If I do it on a computer, there's no telling how long it will last. I'm a little bit of an unapologetic romantic, and if I have kids I want them to have my lyric books. Not my hard drives. It's pretty cool to write with a pen because you can see the process emerge and the choices that go behind the words. That's especially important when I look back at those lyrics books for my next album because seeing why I did things a certain way will make me a better writer. It's like working out a math problem: if you do it on a computer, you won't be able to see how you arrived at the result if you don't show your work. 

You mentioned walking earlier. Does movement ever play a role in your creative process?

Yes it does. That being said, I hate exercising so much. The treadmill is my worst nightmare. But I keep sane on the road by exploring cities, particularly small towns. It's always important for me when I'm on the road after soundcheck to have a couple of hours to walk around. I also love thrift shopping when I'm on the road. 

All that walking around must make you a better songwriter. How can you write about experiences if you're holed up in your hotel room, right?

Absolutely. When I first starting touring, I did that. I'd hole up in my hotel room or in the green room the whole time. But that stopped fairly early. I forgot what town I was in, but I decided to go out one day. It was a pivotal moment. I met someone at a coffee shop, and it was a brief conversation, maybe two minutes. But it made me realize how lucky I was to travel and meet people. I was missing out on life by holing myself up. So from that moment, I decided to talk to people, listen to them, and hear their stories. 

Does one song stand out on the new album as being the easiest to write?

The story behind "Can't Stop Shakin'" is pretty cool. It was never supposed to be on the album. I was talking with my producer Raul Malo in the studio about how the artist's life can be a stressful one. We talked about how we handle that. I mentioned how I had been suffering from performance anxiety before shows. It really sucked. I wanted to have a healthy way to deal with that because I had literally been getting the shakes before going on stage. It was awful. So before shows, if I was feeling anxious, I'd dance around the green room like an idiot singing the same line in my head I can't stop shakin, I can't stop shakin'. And he said to me, "You know that's a song, right? Go write it." I wrote that song right there in twenty minutes.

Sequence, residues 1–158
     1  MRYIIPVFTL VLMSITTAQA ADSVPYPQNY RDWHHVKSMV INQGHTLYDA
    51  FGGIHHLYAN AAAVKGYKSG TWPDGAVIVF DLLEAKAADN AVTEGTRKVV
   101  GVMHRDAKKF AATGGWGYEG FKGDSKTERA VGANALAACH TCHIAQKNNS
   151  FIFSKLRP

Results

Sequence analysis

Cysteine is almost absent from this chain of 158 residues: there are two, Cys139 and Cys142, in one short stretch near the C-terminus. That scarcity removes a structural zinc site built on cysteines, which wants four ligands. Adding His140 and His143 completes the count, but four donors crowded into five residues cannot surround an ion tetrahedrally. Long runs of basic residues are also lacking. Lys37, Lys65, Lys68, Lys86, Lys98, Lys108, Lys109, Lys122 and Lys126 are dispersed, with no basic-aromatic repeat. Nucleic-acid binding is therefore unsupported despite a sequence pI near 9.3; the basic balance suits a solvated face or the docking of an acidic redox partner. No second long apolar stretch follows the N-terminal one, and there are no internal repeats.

Last question: what do you like to read?

Right now I'm reading the Tom C. Hall book about the Nashville music scene. I also love biographies. I just read a Johnny Cash biography, and before that a biography on Colonel Tom (Elvis Presley's manager). Oh, and I also just read Sophie's Choice. My world is shattered after reading that book. The next book I'm going to read is one I just got in the mail yesterday, Paul Auster's book 4 3 2 1. And then I also read All the Light We Cannot See.

Fantastic. Anthony Doerr has been one of my favorite writers for a while. I love that book.

It's incredible. What really struck me was how equally dedicated I was to every character in the book. That's hard to do. Usually there are characters in a book that you don't care two shits about, but I cared about everyone. It's such a great look at the different roles that people played during that time. And I cared about all of them on both sides. I could not put that book down.